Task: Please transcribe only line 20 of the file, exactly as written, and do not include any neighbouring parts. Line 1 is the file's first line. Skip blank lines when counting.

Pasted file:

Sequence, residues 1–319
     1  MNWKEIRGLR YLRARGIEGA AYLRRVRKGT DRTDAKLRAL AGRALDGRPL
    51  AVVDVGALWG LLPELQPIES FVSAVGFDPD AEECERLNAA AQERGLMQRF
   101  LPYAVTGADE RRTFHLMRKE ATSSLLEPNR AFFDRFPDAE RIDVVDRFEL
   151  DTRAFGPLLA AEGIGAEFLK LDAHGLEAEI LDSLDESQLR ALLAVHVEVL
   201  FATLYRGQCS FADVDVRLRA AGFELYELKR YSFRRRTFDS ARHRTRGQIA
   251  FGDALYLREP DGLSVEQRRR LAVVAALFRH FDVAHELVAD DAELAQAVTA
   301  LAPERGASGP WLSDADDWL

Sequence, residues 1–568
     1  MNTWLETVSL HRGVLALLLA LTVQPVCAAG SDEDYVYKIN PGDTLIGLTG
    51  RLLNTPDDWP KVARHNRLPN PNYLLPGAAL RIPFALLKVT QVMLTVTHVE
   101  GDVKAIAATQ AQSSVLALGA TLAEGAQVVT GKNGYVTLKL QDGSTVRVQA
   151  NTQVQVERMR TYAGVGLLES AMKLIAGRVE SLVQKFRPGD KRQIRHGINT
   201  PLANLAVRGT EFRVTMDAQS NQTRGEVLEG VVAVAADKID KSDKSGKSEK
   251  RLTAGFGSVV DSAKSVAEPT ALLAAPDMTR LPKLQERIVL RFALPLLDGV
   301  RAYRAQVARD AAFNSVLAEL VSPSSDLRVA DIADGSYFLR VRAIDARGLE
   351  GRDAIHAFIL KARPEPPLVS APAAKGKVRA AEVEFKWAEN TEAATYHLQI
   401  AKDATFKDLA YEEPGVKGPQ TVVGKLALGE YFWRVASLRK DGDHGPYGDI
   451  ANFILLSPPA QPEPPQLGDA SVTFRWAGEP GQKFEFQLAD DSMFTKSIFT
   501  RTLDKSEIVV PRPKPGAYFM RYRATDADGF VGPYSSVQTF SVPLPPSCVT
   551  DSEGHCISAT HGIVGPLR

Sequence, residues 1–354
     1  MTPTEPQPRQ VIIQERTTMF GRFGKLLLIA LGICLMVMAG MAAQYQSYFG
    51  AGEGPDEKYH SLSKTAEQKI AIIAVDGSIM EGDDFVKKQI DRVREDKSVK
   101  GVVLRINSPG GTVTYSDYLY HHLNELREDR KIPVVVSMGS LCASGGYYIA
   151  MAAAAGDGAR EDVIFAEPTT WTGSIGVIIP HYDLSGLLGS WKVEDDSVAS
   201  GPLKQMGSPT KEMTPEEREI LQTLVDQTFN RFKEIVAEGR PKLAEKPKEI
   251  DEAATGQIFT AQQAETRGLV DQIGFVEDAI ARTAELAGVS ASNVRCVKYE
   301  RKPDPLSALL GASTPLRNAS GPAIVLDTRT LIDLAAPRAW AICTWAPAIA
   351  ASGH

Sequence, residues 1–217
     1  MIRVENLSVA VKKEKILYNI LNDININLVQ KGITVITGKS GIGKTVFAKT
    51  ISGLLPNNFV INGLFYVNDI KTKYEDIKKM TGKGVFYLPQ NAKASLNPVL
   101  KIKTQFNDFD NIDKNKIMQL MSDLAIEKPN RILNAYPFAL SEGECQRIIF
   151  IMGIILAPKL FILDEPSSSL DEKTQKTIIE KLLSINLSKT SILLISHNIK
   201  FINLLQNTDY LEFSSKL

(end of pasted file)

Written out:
   501  RTLDKSEIVV PRPKPGAYFM RYRATDADGF VGPYSSVQTF SVPLPPSCVT